Rissie Parker

My name is Rissie Parker, and I was diagnosed in March of 2019 with chordoma – a rare type of cancer that can appear on the spine, tailbone, or brain areas.

I am a stay-at-home mom of two children, ages 10 and 12, whom I homeschool. Around the beginning of 2019, I started to notice that I wasn’t able to write and use my right hand as well as normal during our daily activities. Gradually, I began to see more limitations, all on the right side of my body.

I had an MRI done, and the doctor told me it could be either chordoma or sarcoma, but they wouldn’t know for certain until they could do a biopsy. They told me there was a mass from the base of my skull down into my neck and that I would need not just one but two brain surgeries. After those were complete, the doctors would make recommendations on the best treatment plan. Needless to say, this was all devastating news. I had to have faith because I was out of my element, and I knew I had no control over what was happening to my body. I trusted God and knew that He would lead me to the right doctors and the right places.


I had my surgeries in Texas, where they determined it was chordoma after the biopsy. They told me that the best treatment would be to have the second surgery to remove the tumor and then treat the area with radiation. The team that performed my surgeries recommended proton therapy instead of traditional radiation because of proton therapy’s precision and the delicacy of the treatment area. The tumor was partially on my brainstem, which can be especially risky. I returned home to Oklahoma, ready to begin that part of my treatment journey.

When I went to my first appointment with the oncologist in Oklahoma, they disagreed with my surgeons in Texas. They told me that traditional radiation would be better for me than proton therapy. Wanting to follow the doctor’s advice, I agreed. But after two treatments, I didn’t feel right about it. The experience from my two brain surgeries had taught me that there’s a sensation you get throughout your body when your brainstem has been touched. It made me uneasy that I was feeling it again. After the third treatment of traditional radiation, I was experiencing horrible pain. I began asking questions. Should I be feeling this way, is this pain normal, should I be experiencing symptoms this soon? The staff did little beyond brush my concerns aside – and I knew I was going to have to make a decision for my own health and quality of life. I refused to be just another number in someone’s book. I wanted to be treated somewhere that cared and acknowledged me as a person.  Something had to change and quickly.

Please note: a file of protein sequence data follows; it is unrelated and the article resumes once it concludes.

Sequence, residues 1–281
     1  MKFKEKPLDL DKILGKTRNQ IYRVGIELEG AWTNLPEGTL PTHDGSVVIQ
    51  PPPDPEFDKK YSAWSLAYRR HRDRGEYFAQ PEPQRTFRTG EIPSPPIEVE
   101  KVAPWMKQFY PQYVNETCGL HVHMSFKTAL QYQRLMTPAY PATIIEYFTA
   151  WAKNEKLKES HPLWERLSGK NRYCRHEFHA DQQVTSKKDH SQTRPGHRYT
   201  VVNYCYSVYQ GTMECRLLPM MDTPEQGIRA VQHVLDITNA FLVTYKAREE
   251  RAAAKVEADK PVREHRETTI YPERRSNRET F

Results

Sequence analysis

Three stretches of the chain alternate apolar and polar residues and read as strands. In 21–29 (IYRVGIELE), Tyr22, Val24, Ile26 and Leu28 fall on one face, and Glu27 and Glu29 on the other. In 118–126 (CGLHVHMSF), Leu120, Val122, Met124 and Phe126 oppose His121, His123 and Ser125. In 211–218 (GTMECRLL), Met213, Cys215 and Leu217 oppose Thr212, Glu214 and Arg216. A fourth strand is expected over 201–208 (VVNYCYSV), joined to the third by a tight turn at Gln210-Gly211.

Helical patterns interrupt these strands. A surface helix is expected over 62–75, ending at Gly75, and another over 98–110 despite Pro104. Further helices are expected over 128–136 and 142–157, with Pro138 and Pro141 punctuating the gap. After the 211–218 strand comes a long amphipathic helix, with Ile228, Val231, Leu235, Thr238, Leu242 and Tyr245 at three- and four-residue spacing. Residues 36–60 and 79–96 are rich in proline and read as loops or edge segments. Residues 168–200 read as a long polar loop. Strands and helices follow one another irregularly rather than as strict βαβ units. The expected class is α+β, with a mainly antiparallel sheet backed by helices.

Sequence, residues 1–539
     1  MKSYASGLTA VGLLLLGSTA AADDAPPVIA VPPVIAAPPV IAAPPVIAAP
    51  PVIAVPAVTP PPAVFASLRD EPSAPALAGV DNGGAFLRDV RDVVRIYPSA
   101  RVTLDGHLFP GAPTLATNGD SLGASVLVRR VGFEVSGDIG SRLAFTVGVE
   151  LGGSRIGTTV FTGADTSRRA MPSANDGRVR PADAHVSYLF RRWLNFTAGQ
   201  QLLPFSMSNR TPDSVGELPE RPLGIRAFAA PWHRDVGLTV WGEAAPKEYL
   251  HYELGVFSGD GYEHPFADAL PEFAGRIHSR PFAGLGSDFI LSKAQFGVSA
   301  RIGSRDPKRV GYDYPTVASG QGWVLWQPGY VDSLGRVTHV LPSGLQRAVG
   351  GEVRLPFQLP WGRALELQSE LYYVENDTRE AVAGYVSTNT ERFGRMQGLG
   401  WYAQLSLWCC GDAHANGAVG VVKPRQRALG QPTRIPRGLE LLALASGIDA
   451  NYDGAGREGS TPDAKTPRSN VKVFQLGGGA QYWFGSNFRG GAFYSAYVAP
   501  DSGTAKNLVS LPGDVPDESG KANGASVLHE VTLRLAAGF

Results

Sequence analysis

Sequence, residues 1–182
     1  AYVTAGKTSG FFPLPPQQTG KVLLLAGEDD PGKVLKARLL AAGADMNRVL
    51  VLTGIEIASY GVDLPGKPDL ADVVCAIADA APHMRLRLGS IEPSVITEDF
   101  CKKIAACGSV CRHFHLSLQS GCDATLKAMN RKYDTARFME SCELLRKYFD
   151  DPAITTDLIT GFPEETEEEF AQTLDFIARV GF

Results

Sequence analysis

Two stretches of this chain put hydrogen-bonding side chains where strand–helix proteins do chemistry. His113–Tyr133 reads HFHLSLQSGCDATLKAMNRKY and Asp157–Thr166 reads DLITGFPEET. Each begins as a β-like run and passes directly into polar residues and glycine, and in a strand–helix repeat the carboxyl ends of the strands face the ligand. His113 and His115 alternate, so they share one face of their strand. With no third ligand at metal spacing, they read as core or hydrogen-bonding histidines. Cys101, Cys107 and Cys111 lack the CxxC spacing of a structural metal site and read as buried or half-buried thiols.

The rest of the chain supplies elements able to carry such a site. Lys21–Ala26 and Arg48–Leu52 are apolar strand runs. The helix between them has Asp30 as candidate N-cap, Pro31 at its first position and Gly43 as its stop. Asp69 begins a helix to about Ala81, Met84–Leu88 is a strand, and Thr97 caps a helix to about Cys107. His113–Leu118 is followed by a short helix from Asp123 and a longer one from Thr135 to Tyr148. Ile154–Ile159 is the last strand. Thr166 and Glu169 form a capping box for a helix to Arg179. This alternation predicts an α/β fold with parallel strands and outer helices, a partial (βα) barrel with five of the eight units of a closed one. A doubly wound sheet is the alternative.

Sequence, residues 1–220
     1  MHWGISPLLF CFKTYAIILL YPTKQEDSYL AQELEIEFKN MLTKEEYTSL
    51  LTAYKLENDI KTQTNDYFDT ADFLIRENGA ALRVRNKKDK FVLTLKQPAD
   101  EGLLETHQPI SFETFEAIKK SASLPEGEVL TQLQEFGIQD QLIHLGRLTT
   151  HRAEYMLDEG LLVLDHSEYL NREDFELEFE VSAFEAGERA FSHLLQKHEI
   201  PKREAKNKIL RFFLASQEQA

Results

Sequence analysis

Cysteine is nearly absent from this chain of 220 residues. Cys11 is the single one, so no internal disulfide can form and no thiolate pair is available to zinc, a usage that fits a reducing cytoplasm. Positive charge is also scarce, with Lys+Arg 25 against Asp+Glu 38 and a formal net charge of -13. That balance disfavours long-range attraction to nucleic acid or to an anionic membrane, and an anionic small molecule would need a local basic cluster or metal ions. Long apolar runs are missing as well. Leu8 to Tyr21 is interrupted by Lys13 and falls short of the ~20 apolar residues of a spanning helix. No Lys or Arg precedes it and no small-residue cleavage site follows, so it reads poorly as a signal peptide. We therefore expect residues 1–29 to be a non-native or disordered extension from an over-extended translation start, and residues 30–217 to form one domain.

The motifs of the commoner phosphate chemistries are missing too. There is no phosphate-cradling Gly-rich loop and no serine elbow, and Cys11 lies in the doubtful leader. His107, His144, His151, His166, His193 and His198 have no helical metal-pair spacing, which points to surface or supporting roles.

Before my next treatment, I just said no. I simply decided no more traditional radiation. Not knowing what to do next, I reached back out to my surgical team in Texas. They again said conventional radiation was too risky for me and that I needed proton therapy. They connected me with the proton center in Texas, who referred me to Oklahoma Proton Center. I know that it’s because I made that decision that I am here today. I kept thinking, ‘I have two kids, I have a family, and I want to be there for them.’ I knew if I didn’t say no to traditional radiation, I might not be. And that’s what compelled me.


I spent my first day at Oklahoma Proton Center learning about proton therapy from the staff. It was amazing to be informed and educated at such an exceptional level. They took the time to answer all of my questions and explain the science behind proton therapy and how its benefits would translate into my life.  I was never rushed out or made to feel like what I was going through wasn’t a big deal. They made me feel comfortable and loved and welcomed, and that’s what mattered to me.

The difference in the way I felt after my proton treatment vs. traditional radiation was tremendous. There is no comparison. I had no pain, and I knew beyond a shadow of a doubt they were not treating places in my body that didn’t need radiation.

patient family 1


I’m now over a year out of my treatment, and it’s been an amazing journey for me. You cherish each and every moment of the day because you don’t know how many of those days you get.  I am back to riding my horses and doing things I never thought I’d do again. I am so very grateful that I stood up for myself. If my story can help someone else have the courage to do the same, it’s worth it.

You are the only one who can stand up for your life and your future, so make sure you understand all of your options and make the decision that gives your heart peace.

If I could share one thing with someone facing cancer, it would be, stay focused. I know it’s overwhelming, but do your best to get your mind right. It’s a journey to get there – but please don’t quit along the way. It’s ok to be tired, or mad, or sad. But keep fighting, and one day you’ll see yourself on the other side. Even though you might not see us all, we are cheering for you!

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